Image source: germanshepherdproblems.com

Motion-activated spotlights are very popular, and for good reason. Aside from being useful for seeing where you are walking at night when your hands are full, they are a deterrent for both human and animal intruders. A bright light suddenly turning on is alarming for a marauding dog, coyote or raccoon while it also destroys a potential thief’s stealth.

Naturally, motion-activated lights are best used around buildings since you’ll need electricity — although there are some solar powered lights on the market. Place the lights in strategic areas like around doors, walkways or equipment stored outdoors. If it’s a predator problem you’re trying to protect your property from, you will want to use the light around livestock pens or coops as well as areas where feed and garbage are stored.

6. Invest in surveillance or game cameras

Surveillance cameras are one of the most useful tools for home security. Obviously, they won’t actively stop someone, but they will give you the ability to prosecute that person. Surveillance camera systems can be found for a fairly reasonable cost now, and many give you the ability to see the cameras while you are away through a smart phone app. Many people consider them a very worthwhile investment.

If you do really need to stick to a budget or want something more versatile, game cameras are a great idea. A good quality game cam can be placed pretty much anywhere and is especially useful in naturally wooded areas. Such cams typically stand up to harsh weather better than the average home security cameras.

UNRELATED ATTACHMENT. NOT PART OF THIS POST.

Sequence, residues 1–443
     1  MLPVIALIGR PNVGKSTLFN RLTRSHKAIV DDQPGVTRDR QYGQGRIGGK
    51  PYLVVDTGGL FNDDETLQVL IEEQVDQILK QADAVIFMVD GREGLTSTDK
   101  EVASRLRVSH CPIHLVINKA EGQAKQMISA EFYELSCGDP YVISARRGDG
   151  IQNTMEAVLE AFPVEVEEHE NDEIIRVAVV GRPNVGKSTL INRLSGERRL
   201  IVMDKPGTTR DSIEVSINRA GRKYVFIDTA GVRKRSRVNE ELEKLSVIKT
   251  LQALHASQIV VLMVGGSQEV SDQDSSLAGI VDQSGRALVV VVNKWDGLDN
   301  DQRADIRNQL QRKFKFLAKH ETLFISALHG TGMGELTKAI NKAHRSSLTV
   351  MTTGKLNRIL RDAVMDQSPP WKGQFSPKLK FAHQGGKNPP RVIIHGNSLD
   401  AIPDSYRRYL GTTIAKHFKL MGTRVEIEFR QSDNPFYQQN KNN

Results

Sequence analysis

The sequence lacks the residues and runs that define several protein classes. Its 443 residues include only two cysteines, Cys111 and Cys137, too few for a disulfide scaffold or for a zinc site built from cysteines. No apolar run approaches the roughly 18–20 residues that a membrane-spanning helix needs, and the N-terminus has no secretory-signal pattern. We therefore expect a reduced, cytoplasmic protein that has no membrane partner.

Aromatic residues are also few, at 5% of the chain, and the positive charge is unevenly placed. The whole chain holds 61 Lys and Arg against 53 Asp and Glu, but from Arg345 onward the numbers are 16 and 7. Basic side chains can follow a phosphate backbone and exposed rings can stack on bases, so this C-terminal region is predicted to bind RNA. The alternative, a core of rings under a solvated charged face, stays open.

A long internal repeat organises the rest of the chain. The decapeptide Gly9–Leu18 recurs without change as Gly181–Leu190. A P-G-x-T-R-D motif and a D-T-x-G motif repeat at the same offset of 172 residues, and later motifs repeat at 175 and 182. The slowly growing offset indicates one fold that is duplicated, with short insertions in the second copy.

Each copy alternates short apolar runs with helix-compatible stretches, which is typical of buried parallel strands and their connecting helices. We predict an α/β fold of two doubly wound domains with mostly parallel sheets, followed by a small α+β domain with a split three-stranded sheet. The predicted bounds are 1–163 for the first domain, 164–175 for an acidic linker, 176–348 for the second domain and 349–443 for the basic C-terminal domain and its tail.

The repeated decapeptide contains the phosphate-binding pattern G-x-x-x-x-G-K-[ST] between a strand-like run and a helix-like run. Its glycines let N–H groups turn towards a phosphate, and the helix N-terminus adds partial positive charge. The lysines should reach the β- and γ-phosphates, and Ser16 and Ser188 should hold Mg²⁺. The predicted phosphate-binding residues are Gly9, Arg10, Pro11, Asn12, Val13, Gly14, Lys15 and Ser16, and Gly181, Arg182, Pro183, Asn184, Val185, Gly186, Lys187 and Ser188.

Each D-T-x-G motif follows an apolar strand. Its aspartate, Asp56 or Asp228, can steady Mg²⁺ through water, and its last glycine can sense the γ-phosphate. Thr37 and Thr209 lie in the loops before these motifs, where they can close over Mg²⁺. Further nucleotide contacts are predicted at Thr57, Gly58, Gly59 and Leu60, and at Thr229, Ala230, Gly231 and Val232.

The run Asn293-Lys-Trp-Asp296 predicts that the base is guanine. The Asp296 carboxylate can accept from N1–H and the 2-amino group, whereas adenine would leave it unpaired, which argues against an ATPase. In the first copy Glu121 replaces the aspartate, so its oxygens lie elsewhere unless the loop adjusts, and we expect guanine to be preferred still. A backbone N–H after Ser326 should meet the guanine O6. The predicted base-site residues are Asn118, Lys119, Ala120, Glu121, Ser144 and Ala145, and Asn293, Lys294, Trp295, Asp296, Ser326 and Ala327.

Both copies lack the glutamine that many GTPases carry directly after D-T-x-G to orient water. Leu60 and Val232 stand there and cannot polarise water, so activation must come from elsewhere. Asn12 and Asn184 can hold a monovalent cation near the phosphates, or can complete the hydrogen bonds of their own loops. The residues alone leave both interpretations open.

Have you ever had to deal with crime in your rural area? Or maybe you have your own tips for home security? Please share your stories and advice in the comment section below! 

Do You Know The 4 Distinct Areas Of A Solid Home Defense Plan? Read More Here.

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15 comments

  1. Oh for the love of ………………. GET A GUN!!

  2. Ya, a gun is good, but I say a dog can put fear into humans that another human cannot. A couple of years back the electric company sent out a team to trim back the brush 15 feet from the wires. This scruffy looking man shows up in my yard and walks up onto my porch, and then I couldn’t see him. I opened the door to find my 17 pound weiner-terrier mix pinning him up against the wall. She was nothing like mean, but she was confidant and had real teeth. He asked me if she was going to bite him, and I (not knowing who this scruffy looking dude on my porch was) told him that he needed to speak calmly and not raise his voice as the little dog with big teeth was very protective of the family. Watch dogs have many purposes on a rural farm, but when you’re so far from ANY law enforcement help, their main job in my opinion, is to create that small diversion of time that I need to get to my gun.

    Turns out the scruffy guy was no threat at all, and Lil’Bitz has since passed, but her legacy and job lives on in two boys who desparetly try to fill her shoes. 🙂